Hiring and Recruiting

6 06 2010

In this economy, it’s great to hear that manufacturing and service service sector companies are expected to add to their payrolls at a much higher rate in June 2010 than they did in June 2009, according to a recent survey by SHRM. The survey also indicated that small business hiring also grew in May 2010. In fact, a Small Business Administration economist even mentioned that small businesses are adding workers as net job losses in the economy as a whole persist. In the aggregate, we’re not seeing dramatic changes, but we’re at least seeing changes in a positive direction.

As with any business, especially a small one, recruiting and hiring the right people for your business is crucial. I’ve previously written about the “Science of Hiring,” particularly the costs associated with a bad hire. Knowing when to hire and how to go about doing so is just as important as picking the right candidate for the job. Growing your workforce  is an investment, so it makes sense to have a tactical approach to hiring.

Knowing when to hire is key. The idea that a new employee will offset your workload and generate new revenue for your business is surely enticing, but it comes at a cost. Thus, it’s important to hire when your cash flow is positive and when you have a cash management process that minimizes the worry associated with cash shortages. Aside from an employee’s regular pay, you’ll need to consider several costs related to employment. Often times, these costs amount to 30-40% of the employees base pay:

  • Federal and State payroll taxes – including Social Security/FICA, Medicare, unemployment, and workers compensation.
  • Employee benefits – such as health insurance, retirement savings plans, life insurance, and long term disability insurance.
  • Cash-flow projections associated with your employee’s pay periods.
  • Employee workspace and computer system use.
  • Hiring and training costs.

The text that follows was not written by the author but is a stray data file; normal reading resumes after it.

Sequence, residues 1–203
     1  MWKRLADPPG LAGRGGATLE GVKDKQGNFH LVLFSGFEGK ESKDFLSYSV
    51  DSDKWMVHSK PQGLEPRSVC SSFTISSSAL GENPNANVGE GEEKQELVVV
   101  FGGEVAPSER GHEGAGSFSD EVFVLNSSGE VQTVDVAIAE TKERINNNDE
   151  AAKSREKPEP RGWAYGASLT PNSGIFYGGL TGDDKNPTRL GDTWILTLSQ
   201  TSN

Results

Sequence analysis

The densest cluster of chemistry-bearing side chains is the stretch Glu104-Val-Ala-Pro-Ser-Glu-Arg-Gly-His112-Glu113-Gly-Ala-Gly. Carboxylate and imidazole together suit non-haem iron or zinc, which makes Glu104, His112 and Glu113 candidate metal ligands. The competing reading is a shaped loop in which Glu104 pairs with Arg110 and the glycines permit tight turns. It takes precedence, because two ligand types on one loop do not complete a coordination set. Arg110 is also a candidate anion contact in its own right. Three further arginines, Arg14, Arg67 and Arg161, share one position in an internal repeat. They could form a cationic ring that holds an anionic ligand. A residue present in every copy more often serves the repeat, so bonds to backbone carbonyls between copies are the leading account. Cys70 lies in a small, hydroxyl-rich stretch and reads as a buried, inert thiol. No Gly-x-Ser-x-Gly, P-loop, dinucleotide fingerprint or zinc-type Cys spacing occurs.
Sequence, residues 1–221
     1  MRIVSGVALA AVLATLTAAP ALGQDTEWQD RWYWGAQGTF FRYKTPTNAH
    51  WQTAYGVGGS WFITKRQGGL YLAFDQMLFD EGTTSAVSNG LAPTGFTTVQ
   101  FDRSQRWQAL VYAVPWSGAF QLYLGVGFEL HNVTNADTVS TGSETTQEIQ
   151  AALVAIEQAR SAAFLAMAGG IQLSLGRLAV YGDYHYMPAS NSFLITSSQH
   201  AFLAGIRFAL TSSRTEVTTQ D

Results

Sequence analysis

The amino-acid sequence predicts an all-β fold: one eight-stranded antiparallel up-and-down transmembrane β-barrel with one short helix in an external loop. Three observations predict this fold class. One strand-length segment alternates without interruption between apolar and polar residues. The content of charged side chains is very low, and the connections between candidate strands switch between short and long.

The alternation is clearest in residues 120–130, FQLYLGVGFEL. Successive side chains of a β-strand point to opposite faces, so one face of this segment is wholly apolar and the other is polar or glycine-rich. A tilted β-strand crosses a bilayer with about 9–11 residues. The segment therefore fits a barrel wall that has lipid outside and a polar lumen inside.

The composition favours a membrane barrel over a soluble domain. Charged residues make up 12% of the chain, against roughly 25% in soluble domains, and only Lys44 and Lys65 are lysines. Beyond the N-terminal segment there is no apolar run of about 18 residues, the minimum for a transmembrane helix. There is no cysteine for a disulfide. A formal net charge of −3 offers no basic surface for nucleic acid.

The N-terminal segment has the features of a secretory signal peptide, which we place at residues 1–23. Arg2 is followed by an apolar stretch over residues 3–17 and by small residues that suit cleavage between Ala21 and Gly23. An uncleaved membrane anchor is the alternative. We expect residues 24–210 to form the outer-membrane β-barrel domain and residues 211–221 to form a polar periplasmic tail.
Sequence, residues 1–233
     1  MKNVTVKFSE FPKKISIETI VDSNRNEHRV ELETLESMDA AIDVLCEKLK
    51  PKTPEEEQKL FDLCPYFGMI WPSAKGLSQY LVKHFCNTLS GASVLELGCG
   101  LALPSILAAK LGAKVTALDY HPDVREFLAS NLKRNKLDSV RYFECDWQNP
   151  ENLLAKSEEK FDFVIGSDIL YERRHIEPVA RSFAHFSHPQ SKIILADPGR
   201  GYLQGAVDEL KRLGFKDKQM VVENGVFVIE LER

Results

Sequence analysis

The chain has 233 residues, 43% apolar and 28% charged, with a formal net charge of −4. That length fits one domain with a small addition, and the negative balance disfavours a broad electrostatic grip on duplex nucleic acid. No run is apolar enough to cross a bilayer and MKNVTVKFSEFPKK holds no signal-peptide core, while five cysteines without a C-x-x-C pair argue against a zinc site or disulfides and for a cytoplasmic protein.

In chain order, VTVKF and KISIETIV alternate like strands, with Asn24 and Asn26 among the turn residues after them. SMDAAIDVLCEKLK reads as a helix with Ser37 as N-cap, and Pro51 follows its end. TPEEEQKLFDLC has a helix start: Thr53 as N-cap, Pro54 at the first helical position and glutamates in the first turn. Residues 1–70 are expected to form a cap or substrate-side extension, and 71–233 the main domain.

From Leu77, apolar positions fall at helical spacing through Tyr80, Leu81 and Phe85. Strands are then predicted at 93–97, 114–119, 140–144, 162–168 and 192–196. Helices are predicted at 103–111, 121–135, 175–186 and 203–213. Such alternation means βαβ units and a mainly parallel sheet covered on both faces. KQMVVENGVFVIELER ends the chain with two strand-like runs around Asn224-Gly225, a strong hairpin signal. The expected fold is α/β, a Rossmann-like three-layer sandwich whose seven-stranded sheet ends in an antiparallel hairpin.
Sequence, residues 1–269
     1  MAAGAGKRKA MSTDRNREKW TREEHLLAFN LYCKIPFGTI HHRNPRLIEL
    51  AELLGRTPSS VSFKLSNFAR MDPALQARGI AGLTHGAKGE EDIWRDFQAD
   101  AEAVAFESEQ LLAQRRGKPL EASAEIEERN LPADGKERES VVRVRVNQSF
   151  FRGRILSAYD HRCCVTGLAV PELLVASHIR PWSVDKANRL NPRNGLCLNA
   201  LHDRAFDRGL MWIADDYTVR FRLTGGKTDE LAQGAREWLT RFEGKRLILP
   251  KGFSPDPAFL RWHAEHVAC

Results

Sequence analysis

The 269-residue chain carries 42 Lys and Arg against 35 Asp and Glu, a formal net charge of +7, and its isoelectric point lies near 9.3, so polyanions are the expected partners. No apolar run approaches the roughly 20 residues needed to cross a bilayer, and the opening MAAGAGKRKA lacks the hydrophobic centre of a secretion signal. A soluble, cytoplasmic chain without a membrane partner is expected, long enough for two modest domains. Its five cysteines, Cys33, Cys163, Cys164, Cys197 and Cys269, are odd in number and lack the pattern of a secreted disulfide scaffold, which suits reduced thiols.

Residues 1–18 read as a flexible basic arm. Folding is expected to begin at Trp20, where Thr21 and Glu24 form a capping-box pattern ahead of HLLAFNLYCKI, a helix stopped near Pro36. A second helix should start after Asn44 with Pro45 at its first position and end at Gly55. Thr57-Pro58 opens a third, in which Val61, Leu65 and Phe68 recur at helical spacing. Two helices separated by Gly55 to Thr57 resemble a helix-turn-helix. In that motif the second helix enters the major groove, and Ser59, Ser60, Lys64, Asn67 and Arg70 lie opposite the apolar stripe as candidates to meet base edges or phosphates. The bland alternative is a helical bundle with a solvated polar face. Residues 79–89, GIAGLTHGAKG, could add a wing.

Know what position you want to fill. It’s worth stopping to think, “do I really need to hire someone?” Many services can be outsourced or done by free-lancers; this work may include accounting, manufacturing, website design, marketing and public relations. Deciding what tasks to outsource and what to hire an employee for may come down to whether the work lies within your business’ core areas of strength and whether that function is needed on a regular basis. Choosing a position to hire is not just about offloading chores, it’s a decision about the path of your business’ growth.

Know what to expect from your new hire. Before you advertise for help, sit down and write a job description. Job descriptions are communication tools, set yourself up for a great working relationship by being able to clearly articulate the job to all applicants. This document presents an excellent guide for developing effective job descriptions.

Know the salary you’re willing to pay. The going rate for the position you’re about to hire is not only dictated by your cash flow, but it’s also influenced by the market. A little competitive analysis is worthwhile to get a gauge for whether you’re on par with the industry – this is a great article on determining your own salary. Small businesses may compete differently in terms of work environments, employer-employee relationships, recognizing employee potential, and job growth opportunities. Here’s a five-step guide to benchmarking salaries and figuring out how much to pay. Payscale.com and Salary.com are also good resources, they also adjust for geographical inequalities in pay.

Know who to hire and the right questions to ask. First things first, you’re hiring for the position – and by doing so, you’ll hopefully find someone that enables you to continue doing the genius work that got you into your business in the first place. Keep your focus and consider these eight strategies for finding and hiring the right person for the job. Use the interview process effectively and the right person for the job is surely bound to surface. Also, avoid these illegal interview questions that can get you into legal trouble.

Know where to recruit. Find the most qualified, talented, and largest pool of applicants here:

  • Word of mouth. Consider recruiting to be much like business development, be clear and direct about the position you’re hiring for – you never know who might be a reference.
  • General job posting sites are understandably an easy way to get the word out – think Craigslist, CareerBuilder, Monster, etc. Just know that you might be inundated with applicants.
  • Alternatively, try posting on industry specific listing sites. They may cost more, but a better filter will be in place at the start.
  • Social media sites like LinkedIn, Facebook and Twitter.
  • College recruiting, given the position you’re trying to fill.
  • Agencies, particularly if a temp-to-hire avenue is an option.

The time to hire and recruit for your business is an exciting time, and one that will hopefully improve your bottom line. Doing the right prep-work in advance prevents you from unnecessary costs both during recruitment and down the line after you’ve chosen someone to fill the position. Enjoy the process!

Photo courtesy of Allen Associates LLC.



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